Federally: 1000 in 30 agencies
Consolidated into one agency in some states (not here)
High level of pay, autonomy, prestige and job security
Almost always an attorney
Public Counsel
(or Public Advocate)
Argues for consumer's or citizen's interest
Not consistently available
3 Essential Due Process Guarantees in Administrative Hearings
Fair notice
Opportunity to be heard
Decisions rendered by an impartial decision maker
Others, which are usually, but not always met:
right to counsel
right to present evidence
right to cross examine
Hearing Officers:
advisory opinions
consent orders
2) Rule making
Quasi-legislative power, delegated to agencies. Authority to enact an "agency statement of
general applicability and future effect that concerns the rights of private parties and has the
force and effect of law”
$.25 word of the day #2: promulgation
1946 Federal Administrative Procedures Act (APA)
Sets out the procedure for administrative hearings and rules promulgation
 "little APA's” in the states mirror this legislation
The Federal Register is used for publication of proposed rules
Most states also have a similar publication
 Florida: Administrative Weekly
 Arkansas: Arkansas Register
Functions of Rules
Elaboration of general agency behavior
Setting specific standards or procedures
Defining terms
“adequate”, “substantial”, “minimum necessary”
Indicating probable agency behavior
3 Kinds of rules
Makes policy or sets standards
Organization, procedure, or practice of the agency
Clarification of legislative language or agency policy
The rule making process (federal)
1) Congress passes a law or the agency intends to create or modify regulations
2) Notice of proposed rule is published in the Federal Register
3) Public comment in the form of written comments and/or a public hearing
4) Final Rule is published in the Federal Register
5) Rule is codified into Code of Federal Regulations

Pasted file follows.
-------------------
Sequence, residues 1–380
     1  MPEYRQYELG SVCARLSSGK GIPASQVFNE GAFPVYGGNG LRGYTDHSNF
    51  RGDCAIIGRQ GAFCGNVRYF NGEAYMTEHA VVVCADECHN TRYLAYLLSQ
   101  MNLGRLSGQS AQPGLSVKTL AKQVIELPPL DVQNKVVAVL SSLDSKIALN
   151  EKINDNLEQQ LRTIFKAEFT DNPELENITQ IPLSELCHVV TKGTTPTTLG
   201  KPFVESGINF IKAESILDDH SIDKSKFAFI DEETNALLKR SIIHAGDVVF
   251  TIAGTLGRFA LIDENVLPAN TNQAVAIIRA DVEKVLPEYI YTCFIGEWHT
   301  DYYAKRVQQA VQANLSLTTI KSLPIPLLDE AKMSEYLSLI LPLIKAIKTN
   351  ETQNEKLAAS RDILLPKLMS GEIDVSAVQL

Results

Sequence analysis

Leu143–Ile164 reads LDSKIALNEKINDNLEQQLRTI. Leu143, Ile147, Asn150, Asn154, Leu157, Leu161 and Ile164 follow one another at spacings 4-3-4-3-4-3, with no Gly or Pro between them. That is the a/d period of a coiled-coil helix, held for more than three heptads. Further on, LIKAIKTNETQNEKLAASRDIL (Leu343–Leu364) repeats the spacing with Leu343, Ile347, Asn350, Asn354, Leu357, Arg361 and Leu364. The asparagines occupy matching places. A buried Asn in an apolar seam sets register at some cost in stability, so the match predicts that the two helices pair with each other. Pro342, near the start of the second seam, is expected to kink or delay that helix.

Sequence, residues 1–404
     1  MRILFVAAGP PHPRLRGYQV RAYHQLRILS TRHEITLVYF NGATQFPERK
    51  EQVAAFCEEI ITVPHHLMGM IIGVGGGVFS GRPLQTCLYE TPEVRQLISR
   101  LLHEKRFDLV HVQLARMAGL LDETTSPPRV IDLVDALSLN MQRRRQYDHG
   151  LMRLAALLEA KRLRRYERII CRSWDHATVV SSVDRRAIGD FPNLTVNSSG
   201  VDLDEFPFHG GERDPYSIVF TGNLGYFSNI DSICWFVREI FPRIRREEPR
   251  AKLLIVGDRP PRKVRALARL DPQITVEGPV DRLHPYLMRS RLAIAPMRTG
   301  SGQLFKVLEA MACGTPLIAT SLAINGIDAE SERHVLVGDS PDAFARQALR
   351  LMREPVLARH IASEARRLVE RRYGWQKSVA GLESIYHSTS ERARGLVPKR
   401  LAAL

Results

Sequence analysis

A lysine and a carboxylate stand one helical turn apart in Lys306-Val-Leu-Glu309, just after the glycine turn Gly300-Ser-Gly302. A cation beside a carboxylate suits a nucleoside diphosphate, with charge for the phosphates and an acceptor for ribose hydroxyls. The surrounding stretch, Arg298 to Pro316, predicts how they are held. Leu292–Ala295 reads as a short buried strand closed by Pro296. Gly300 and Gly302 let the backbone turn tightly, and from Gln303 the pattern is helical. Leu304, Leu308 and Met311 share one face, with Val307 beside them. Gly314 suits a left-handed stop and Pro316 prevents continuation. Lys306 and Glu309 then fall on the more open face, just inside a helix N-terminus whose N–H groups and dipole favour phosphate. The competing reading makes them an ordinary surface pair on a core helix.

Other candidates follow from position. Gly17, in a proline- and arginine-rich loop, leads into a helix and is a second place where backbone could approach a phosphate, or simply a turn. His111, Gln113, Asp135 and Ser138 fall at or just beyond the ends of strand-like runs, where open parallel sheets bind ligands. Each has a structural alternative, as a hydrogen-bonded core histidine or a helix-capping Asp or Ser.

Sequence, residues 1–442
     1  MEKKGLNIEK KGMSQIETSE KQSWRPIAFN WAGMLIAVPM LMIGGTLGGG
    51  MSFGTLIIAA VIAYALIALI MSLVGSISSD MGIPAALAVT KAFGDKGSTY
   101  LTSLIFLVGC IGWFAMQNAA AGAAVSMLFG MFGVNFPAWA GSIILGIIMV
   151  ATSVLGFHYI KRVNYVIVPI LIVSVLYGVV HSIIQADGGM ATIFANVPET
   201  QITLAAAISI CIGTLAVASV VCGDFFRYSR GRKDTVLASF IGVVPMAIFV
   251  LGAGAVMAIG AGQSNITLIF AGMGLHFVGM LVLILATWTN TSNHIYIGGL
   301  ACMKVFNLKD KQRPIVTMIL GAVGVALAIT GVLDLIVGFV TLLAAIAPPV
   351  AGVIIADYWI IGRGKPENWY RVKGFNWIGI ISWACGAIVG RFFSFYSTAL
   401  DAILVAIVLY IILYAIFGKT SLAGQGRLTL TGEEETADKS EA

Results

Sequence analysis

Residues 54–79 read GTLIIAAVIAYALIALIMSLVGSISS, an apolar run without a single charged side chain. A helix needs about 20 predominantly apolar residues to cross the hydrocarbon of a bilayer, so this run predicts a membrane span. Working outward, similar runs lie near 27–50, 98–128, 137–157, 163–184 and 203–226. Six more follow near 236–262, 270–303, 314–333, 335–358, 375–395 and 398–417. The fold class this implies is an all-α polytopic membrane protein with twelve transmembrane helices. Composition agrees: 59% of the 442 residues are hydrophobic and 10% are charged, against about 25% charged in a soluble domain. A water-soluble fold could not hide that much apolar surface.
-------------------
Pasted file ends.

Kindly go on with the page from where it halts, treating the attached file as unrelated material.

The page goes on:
Rule making requirements (general)
Publication of final form prior to effective date
Public Participation
public notice
opportunity to present views
Open to later judicial review and recently a trend toward legislative review
3) Freedom of Information Act of 1966 (FOIA)
“Timely provision of information to the American people, upon their petition is a
requisite and proper duty of government.”
Right to know (with some limits)
I’m paying for it…
1974 amendments to "encourage" foot dragging implementation to speed up
"little FOIA's" in 40 states
4) Sunshine Laws
Policy making meetings must be in public and almost always must be publicly noticed
Passed at all levels of government
Intended to eliminate "smoke-filled" rooms as policy making venues
"Open Government”
Sunshine kills mold and mildew and hopefully bad policy!
However… Conference Committee notices
Check your appearances…
Beneficiaries of FOIA's and Sunshine laws
In descending order of benefit:
lobbyists and lawyers
the press
citizen's groups
6) Case study: How A Rescue Mission Failed in Orange County -
Outline the the facts and timeline of the case.
Discuss the specific Sunshine Law requirements in Orange County.
How did those requirements influence the outcome of the case?
What did you think of the epilogue?
What surprised you when you read the epilogue?
Guess Who Laboeuf and Lamb (now Dewey and LeBoeuf) represents these days?!?